Lunch consists of a drive through and a visit to the Worlds Center of Racing. I spent some time helping my friends at Daytona “place” the large jumbotron units located outside the track (making sure we conform with the City sign codes). Star at turn 1, then a trip through the new tunnel, the infield and over to turn 4, right next to the amazing Budweiser Clysdales. Then it was off to a development meeting to discuss the projects and back to the office for a conference call, negotiation of a few remaining deals and SPEEDWEEKS sponsorship issues.

 

Striving for The Best! – mwr

 

Firstly, you do have a very intriguing job, something to look forward to, unlike my lousy job. You have real responsibility. The only thing I have to worry about is poppy seeds on a bagel. I am in middle management at Einstein Bagels. As you climb seamlessly up the never ending corporate ladder, I struggle to get out of this god forsaken shopping plaza! Before Einstein’s I worked as night shift manager at Big Lots. It was the worst 7 years of my life. And unlike you I came home to screaming children and a depressed nag happy wife. Sometimes I feel like the walls are closing in on me. Sorry for the rant, but how do you do it? Honestly I’m struggling to keep afloat over here, and you are getting to brag about your great job to your old buddy at the Super Bowl!! Are you kidding!! I truly envy you, and your amazing life!! Don’t get me wrong I know you have worked for and deserve everything you have. I just want some answers as to how you go about getting all the great aspects of your life. Keep up the great blogging. Your friend, Charlie.

 

Ed. Note – I mistakenly deleted this post, so I am reposting it and the main comment for you to read and enjoy. -mwr

The search for significance is a lifelong journey. No matter what your background, socio economic status, political leaning or any other factor, every person, on some level searches for significance in their life.  Countless books, sermons, speeches and other materials have been prepared on this subject alone. My favorite definition is “the quality of being significant or having a meaning.” We all want to live a life that is more than a meaningless existence. The exact answer is a very personal one and will be different for every person, but I believe you must fulfill the following 3 areas to personally accomplish your lifelong exploration for significance:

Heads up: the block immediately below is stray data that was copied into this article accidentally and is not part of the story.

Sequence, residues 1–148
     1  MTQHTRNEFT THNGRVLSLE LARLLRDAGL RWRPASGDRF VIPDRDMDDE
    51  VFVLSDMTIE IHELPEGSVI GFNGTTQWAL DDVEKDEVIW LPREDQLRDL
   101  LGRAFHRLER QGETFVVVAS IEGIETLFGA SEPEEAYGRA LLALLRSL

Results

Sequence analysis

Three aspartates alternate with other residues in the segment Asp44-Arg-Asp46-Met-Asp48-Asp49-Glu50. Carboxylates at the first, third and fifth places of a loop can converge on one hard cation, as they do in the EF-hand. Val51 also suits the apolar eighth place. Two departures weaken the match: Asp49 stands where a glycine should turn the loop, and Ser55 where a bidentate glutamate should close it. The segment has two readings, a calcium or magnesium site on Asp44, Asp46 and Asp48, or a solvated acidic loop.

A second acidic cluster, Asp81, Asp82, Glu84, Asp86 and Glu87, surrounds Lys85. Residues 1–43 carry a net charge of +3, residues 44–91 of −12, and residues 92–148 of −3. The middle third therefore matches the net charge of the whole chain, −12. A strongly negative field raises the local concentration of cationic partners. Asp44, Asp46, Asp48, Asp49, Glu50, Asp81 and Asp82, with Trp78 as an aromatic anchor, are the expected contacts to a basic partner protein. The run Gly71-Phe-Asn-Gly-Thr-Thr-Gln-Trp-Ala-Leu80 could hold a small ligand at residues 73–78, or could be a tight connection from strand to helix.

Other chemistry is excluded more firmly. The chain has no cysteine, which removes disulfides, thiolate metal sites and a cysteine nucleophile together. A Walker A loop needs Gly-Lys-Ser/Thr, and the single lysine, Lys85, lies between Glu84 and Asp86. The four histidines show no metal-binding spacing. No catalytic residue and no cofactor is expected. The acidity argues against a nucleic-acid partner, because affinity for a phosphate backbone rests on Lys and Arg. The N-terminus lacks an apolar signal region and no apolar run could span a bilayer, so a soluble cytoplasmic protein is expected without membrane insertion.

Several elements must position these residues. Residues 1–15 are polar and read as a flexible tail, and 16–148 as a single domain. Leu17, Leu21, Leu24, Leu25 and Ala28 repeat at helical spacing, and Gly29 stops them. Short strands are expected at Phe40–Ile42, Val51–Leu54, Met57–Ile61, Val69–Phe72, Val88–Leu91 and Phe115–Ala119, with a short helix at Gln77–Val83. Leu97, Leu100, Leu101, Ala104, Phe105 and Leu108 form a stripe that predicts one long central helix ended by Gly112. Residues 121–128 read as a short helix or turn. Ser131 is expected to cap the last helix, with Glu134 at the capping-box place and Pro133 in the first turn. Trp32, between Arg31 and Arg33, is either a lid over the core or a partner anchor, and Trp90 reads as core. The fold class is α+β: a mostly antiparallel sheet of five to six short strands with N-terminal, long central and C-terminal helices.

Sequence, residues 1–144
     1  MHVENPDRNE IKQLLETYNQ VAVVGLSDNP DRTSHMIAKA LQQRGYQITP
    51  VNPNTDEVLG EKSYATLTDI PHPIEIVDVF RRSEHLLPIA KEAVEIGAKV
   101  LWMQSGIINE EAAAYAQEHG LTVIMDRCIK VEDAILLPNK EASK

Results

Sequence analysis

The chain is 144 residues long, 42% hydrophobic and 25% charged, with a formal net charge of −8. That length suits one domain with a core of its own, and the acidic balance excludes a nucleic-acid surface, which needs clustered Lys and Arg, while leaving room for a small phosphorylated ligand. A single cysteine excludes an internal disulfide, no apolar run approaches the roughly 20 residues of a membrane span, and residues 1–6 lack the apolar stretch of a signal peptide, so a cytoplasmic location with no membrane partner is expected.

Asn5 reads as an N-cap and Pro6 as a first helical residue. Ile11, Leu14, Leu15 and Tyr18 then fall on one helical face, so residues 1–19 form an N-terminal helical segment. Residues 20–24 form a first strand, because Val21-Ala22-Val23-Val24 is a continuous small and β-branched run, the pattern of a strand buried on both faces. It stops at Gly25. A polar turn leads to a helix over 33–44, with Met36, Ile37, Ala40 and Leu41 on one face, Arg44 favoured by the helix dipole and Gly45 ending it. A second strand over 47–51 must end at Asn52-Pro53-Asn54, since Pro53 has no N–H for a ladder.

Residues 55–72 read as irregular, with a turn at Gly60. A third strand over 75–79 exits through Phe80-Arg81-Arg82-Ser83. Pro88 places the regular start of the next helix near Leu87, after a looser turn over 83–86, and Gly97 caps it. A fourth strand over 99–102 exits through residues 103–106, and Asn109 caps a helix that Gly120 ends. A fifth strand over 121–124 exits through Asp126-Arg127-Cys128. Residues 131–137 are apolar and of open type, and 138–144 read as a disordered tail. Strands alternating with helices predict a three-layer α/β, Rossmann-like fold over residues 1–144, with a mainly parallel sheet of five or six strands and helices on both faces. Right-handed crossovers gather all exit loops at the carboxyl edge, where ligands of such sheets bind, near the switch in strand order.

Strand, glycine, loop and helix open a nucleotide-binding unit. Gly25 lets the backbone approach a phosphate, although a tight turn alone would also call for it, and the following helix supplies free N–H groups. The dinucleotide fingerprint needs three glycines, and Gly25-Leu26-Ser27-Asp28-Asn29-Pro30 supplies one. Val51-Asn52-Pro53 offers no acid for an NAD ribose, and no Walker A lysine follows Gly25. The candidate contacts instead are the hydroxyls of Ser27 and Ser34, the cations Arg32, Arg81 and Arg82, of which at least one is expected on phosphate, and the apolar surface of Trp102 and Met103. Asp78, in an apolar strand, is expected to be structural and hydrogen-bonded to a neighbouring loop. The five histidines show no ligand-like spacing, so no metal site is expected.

Spiritual Significance – Every person has a “God shaped hole” in their being. There are countless religions and beliefs looking to a higher power and answers to this life. There are even “unbeliefs,” but in and of themselves they are acknowledging the presence of something or someone. The search for significance begins and ends with a personal relationship with Jesus Christ. All the other factors revolve around this critical threshold.

Emotional Significance – Being tied to others on an emotional level will complete your search. I thought my life was complete before my girls….and then they arrived. Your marriage, your parental bond (both with your parents or figures and with your own children), and those very special friendship bonds reserved for only the closest friends are some of the areas where we develop emotional significance.

Physical Significance – Humans crave touch. As babies we are immediately cradled and held. As kids, a hug and kiss from a parent means the world. As teenagers, a high 5 from your coach, hug from your parents or even holding the hand of your “first love” are important. As adults, touch usually means comfort, welcome and safety. Physical significance is also achieved via accomplishments such as contests, sports, accolades, raising your family, education and professional development.

 

The success of your life will ultimately be determined by how your resolve these three important areas. My daily walk is consumed by becoming a WORLDSHAKER. For me that means i) being the best husband, father, son, brother and person I can be; ii) working with others (especially teenagers) to help them realize their full potential; iii) making a professional impact through opportunity, drive, training and skill; iv) leaving an indelible positive mark on this earth; and v) doing something that is bigger than me!

 

Striving for The Best! –mwr

 

Ed. Note – This may be my most difficult post to date. It literally took weeks to develop these seemingly simple thoughts. I hope it will begin a string of comments below for our readers to exchange thoughts and ideas.